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Touch

Liquid Music (Extract)

1,836 views 1 year ago
JON WOZENCROFT writes:

"There is no processing whatsoever with any of the footage in either of the films, it is all as "seen through the lens", and I did lots of observational research of the movement of water before committing anything to film. And a lot of it is extreme close-up and very difficult to film because in many cases I'm literally a few inches from the water, so tripod was impossible. I actually did arm-exercises to avoid camera shake. Also you could say that some of the richness of the "Liquid Music" footage comes thanks to the short-lived Hi-8 format and the particular colour balance and emulsion of Fuji film stock.

"Liquid Music" was edited on an Avid, which was by and large very expensive and so editorial decisions had to be carefully considered beforehand. "Suffolk Symphony" was edited on a Mac under the time pressure we had in Aug 2009, but the editing was much more intuitive in some ways, because trial and error could be employed." (September 2012)

LIQUID MUSIC, 2001

"Liquid Music was made in 2001, in conjunction with the music Christian Fennesz was developing during that fertile period when the future was still a good idea. The first version -- this is it -- was premiered during the Touch tour of 2001, the time of Fennesz's Endless Summer and the steady movement towards Venice.

The footage for Liquid Music originates from Prague, Paxos, Crete, Cephalonia, Messinia, London and one short clip from Monterey Bay. It was filmed on Hi--8 and mini--DV between 1995 and 2001. The main idea was to film everything through the lens, with no post production other than the compilation of many years work into a coherent whole. Fennesz's music, and its ascendent quality, made that a pleasure. The optical quality is on the cusp between analogue and digital resolution. In many respects it's an exchange of values as much as working methods.

I feel it's one of the best works we did in the last 10 years. The Brighton concert, where the audio comes from, was a key moment on the Touch 2001 tour. The PA was Loud. Everything worked. The film, as on all nights, was played in parallel, it is not sync'd in the conventional sense. Every time it was shown it was different. On this night, the second night of the tour, the audience was shocked in a way that shock rarely happens these days.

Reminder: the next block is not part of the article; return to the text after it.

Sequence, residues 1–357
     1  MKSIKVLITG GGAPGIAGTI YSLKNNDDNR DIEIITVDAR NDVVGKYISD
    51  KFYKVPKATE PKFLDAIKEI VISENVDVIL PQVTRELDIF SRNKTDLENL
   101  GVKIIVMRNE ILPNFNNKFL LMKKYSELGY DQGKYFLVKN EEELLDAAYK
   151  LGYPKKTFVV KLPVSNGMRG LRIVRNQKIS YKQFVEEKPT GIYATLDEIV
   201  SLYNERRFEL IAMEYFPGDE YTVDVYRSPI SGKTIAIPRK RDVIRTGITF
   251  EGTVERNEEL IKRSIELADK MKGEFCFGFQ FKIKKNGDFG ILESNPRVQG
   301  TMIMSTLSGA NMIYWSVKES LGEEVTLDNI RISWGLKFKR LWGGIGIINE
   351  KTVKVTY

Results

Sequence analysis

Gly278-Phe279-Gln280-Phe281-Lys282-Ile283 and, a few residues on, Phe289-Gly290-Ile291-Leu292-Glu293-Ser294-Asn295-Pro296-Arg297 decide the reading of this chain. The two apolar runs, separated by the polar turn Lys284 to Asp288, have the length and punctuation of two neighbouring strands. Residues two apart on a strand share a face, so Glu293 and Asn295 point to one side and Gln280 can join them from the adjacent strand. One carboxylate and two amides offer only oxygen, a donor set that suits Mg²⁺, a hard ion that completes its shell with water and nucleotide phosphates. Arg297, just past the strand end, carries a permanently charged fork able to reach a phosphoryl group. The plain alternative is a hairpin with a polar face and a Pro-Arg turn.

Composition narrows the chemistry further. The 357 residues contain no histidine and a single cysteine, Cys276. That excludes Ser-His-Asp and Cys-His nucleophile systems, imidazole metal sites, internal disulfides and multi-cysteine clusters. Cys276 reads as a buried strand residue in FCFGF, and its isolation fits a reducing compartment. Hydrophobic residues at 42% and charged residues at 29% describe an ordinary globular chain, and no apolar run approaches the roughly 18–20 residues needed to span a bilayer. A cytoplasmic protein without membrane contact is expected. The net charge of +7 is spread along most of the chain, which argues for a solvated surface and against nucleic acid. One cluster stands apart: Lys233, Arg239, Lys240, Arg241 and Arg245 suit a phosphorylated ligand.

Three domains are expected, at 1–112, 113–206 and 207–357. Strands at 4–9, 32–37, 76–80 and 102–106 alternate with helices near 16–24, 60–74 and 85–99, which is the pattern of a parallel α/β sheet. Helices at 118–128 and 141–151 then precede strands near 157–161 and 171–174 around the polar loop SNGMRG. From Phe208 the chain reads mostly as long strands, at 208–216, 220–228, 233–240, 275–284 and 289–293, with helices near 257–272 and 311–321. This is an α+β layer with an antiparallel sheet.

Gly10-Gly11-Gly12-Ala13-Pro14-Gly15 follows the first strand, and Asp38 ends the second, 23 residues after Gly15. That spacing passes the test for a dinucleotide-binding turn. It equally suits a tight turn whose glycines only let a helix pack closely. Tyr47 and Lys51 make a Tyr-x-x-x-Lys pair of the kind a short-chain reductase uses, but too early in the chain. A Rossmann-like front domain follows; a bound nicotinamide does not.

This very same year, industry experts got together in California to set the MPEG compression codes for DVD mastering. MPEG4 algorithms basically sample 3 frames out of the PAL 25 frames-per-second standard, and interpolate, which is OK if you're trying to get a drama onto a DVD, but hopeless if the film involves very fast movement and transitions. Liquid Music is in some respects a laptop response to the celluloid flicker film from the 1960s -- Paul Sharits, Tony Conrad, Stan Brakage -- Peter Kubelka's Arnulf Rainer. We tried everything Soho facilities houses had to offer but there was no way the film was going to master accurately onto the DVD format.

The movement of water is a difficult thing to film, and to sonify. For years the only way Liquid Music could be shown was either as a live projection or a dedicated screening -- these have taken place at Tate Modern, the BFI, Austria, Hungary, Germany... Ten years later, the satisfactory outcome is to see what it looks like on an iPad or an iPhone, and then to imagine it on the big screen." Show less
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